DUBAI (Reuters) - Masked men threw firebombs at an intelligence service compound in the city of Qatif in eastern Saudi Arabia, activists said on Monday, in an apparent reprisal for the execution of a prominent Shi'ite Muslim cleric earlier this month.
A Saudi Interior Ministry spokesman said "there was a failed terrorist attempt to burn the building with Molotov cocktails" and that one of the assailants was captured.
Video footage posted on social media and dated Jan. 9 showed several masked young men moving under cover of darkness and lobbing firebombs over the protective outer wall of a building compound. Most of the firebombs were seen exploding on the ground inside, setting a nearby tree on fire.
The authenticity of the footage could not immediately be confirmed.
It was not initially clear who was behind the attack. But the recording contained a footnote indicating that it was carried out by Shi'ite youth seeking to avenge the execution of Sheikh Nimr al-Nimr, a vocal critic of the kingdom's Sunni Muslim monarchy.
Nimr was among 47 prisoners put to death on Jan. 2, most of them convicted Sunni militants. A Saudi court convicted him in May 2014 of sedition, rioting, protesting and robbery in Qatif district, home to many of the kingdom's minority Shi'ites.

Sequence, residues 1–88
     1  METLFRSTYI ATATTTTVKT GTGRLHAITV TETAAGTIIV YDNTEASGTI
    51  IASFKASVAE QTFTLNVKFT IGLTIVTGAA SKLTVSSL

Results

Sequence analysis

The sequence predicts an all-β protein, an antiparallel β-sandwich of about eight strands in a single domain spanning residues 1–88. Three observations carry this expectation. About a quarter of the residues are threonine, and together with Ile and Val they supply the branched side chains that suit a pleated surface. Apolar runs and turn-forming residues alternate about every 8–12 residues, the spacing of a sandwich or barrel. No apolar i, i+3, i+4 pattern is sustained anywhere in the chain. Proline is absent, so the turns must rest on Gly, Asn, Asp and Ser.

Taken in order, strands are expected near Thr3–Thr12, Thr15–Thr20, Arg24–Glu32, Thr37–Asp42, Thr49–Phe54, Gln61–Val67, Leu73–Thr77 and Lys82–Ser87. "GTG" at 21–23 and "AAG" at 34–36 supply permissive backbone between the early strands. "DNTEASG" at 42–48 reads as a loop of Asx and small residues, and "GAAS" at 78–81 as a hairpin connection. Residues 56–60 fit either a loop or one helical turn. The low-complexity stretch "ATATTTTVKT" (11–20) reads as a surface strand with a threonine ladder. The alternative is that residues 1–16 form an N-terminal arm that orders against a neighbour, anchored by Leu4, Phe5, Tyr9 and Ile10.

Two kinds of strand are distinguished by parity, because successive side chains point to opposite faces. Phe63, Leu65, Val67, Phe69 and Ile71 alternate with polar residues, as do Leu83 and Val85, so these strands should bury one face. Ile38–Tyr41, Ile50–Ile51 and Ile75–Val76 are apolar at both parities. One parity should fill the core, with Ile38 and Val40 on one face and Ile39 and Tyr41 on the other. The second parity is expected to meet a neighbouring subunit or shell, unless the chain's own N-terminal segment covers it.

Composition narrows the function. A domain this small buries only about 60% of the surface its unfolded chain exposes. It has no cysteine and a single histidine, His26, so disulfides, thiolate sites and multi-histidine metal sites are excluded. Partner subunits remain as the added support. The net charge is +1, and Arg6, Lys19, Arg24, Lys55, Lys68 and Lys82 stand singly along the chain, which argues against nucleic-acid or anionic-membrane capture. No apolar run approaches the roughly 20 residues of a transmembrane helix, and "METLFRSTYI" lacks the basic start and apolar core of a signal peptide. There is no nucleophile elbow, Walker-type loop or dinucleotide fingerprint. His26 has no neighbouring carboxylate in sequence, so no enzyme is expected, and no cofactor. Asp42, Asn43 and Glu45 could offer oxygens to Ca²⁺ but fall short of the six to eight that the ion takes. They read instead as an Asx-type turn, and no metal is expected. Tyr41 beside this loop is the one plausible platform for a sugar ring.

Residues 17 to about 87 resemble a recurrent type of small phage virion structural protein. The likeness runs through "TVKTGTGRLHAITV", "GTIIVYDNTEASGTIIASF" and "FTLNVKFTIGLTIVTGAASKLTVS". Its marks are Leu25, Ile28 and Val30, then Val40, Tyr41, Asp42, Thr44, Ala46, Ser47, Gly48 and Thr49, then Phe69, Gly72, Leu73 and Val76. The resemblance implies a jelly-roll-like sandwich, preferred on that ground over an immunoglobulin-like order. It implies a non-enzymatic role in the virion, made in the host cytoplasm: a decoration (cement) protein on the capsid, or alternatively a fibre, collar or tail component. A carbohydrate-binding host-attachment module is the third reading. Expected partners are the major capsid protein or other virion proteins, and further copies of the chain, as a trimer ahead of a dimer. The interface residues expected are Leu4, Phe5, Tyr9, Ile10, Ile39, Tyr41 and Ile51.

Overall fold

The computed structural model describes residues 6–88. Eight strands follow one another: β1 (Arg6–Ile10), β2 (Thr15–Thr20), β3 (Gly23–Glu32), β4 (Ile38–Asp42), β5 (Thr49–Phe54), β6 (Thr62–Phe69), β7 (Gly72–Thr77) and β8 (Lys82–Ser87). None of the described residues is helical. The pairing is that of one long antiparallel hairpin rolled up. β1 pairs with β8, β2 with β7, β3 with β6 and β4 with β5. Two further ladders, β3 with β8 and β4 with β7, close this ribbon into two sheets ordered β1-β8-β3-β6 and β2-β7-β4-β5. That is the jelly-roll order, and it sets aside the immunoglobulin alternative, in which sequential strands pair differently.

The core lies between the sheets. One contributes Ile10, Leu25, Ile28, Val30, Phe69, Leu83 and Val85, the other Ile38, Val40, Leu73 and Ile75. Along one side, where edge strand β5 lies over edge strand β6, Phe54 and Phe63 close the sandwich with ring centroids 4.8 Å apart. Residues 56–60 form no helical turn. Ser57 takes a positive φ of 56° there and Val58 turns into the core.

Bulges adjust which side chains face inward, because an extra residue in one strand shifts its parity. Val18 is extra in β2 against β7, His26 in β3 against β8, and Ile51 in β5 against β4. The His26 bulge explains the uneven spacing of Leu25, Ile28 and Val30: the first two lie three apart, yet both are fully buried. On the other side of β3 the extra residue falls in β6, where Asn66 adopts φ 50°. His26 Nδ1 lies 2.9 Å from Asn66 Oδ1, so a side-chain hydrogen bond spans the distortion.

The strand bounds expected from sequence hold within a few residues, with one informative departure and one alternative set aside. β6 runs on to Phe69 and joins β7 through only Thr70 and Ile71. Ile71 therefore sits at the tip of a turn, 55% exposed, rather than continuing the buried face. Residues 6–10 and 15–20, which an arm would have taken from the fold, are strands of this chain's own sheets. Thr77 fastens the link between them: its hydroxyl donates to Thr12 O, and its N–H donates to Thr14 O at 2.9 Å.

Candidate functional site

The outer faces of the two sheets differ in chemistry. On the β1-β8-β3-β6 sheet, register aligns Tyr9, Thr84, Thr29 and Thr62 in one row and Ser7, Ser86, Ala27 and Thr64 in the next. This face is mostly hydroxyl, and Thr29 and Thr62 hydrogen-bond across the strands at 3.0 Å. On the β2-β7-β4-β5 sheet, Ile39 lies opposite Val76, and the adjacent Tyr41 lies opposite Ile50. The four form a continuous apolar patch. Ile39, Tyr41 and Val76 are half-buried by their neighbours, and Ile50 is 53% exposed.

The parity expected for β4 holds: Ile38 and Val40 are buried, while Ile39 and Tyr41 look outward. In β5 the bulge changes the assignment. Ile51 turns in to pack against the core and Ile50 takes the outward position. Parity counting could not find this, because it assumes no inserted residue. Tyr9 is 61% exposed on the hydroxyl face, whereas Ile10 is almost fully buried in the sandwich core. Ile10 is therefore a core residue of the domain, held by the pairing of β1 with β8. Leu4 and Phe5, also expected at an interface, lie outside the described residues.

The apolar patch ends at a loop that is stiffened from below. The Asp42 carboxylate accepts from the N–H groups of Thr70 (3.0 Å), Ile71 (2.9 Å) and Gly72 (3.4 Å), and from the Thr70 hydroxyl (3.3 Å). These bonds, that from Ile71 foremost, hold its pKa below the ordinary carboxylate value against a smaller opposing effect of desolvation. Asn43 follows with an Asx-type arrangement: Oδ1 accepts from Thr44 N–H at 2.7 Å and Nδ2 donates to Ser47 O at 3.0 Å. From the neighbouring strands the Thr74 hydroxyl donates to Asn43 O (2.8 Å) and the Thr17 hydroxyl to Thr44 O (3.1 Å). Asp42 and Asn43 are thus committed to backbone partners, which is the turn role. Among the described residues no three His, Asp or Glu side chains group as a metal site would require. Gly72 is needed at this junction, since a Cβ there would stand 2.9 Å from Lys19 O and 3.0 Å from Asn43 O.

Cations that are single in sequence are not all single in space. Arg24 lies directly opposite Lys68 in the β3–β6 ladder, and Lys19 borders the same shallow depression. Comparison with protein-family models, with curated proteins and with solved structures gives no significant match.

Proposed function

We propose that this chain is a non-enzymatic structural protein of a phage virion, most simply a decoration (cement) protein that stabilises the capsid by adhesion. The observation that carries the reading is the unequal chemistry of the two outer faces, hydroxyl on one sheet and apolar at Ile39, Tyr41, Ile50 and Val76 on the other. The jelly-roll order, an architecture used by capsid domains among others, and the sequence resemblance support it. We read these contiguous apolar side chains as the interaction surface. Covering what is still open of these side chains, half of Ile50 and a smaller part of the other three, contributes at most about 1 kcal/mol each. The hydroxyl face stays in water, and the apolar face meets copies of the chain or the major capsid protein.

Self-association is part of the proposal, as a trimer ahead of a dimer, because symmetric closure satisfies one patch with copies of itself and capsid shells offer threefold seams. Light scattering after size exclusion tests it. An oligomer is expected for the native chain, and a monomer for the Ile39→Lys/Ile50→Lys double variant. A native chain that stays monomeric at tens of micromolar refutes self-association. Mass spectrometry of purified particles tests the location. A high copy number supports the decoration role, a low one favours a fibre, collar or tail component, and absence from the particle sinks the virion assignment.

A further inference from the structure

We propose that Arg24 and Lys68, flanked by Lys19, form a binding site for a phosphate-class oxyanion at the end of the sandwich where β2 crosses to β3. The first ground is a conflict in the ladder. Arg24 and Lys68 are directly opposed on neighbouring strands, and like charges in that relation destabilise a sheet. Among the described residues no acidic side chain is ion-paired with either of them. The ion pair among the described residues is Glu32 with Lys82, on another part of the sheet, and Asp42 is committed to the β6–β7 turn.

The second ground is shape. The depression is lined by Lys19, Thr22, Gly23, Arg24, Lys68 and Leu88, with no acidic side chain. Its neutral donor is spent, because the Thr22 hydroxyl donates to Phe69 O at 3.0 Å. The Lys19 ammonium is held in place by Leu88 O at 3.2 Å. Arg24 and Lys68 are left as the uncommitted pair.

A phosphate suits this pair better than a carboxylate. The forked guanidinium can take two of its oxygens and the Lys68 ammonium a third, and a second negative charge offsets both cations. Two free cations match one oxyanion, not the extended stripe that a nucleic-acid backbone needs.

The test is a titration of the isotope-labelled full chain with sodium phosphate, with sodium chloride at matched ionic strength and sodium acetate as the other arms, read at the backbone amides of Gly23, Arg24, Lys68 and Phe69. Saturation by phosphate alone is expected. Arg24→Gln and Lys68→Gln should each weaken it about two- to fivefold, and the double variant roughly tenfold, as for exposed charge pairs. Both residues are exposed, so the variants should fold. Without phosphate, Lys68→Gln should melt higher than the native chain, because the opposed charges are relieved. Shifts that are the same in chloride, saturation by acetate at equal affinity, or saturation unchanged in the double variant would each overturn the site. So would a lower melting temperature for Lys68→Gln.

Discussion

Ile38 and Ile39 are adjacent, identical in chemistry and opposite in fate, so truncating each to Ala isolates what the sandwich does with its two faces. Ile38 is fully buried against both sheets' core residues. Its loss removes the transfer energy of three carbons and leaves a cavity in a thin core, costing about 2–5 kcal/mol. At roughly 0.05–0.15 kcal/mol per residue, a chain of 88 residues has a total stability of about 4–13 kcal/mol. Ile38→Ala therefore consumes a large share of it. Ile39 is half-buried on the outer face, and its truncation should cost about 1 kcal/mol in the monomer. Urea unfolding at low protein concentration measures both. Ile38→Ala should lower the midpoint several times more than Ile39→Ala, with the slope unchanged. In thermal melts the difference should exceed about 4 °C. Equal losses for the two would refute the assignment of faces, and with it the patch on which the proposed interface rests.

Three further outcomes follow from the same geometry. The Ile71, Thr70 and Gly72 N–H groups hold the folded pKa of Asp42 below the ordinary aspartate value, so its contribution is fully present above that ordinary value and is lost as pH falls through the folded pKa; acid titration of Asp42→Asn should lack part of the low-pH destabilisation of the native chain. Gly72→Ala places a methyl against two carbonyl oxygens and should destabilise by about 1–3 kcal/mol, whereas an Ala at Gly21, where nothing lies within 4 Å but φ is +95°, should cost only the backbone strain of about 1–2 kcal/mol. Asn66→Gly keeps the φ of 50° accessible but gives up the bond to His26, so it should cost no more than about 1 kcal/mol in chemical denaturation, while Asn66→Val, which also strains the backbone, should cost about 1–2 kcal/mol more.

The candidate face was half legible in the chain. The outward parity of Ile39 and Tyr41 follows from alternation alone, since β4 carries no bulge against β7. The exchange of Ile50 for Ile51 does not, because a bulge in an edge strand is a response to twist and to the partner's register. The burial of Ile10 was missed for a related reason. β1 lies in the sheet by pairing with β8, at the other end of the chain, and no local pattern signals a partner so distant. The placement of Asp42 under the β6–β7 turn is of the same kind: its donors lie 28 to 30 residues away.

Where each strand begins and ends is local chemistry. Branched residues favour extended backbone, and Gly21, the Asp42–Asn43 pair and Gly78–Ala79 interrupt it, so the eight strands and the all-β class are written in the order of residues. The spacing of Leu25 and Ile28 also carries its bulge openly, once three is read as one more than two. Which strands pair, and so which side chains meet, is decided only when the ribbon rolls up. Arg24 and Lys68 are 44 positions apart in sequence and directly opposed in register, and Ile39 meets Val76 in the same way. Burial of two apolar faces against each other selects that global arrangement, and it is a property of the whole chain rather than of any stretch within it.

His arrest in July 2012, during which he was shot in the leg, prompted protests in which three people died.
Nimr's execution angered Shi'ites across the Middle East. After protesters stormed the Saudi embassy in Tehran and the Saudi consulate in Mashhad, the conservative Sunni kingdom cut diplomatic relations with Shi'ite Iran.
Shi'ite activists in eastern Saudi Arabia sought to distance themselves from the Qatif attack, saying it could discredit peaceful protests that had been taking place in the area since Nimr's execution.
Last Tuesday, four armed men set a bus carrying workers in Saudi Arabia's oil-producing Eastern Province on fire. State oil company Saudi Aramco said none of its employees had been injured but gave no further details.
(Writing by Sami Aboudi; Editing by Mark Heinrich)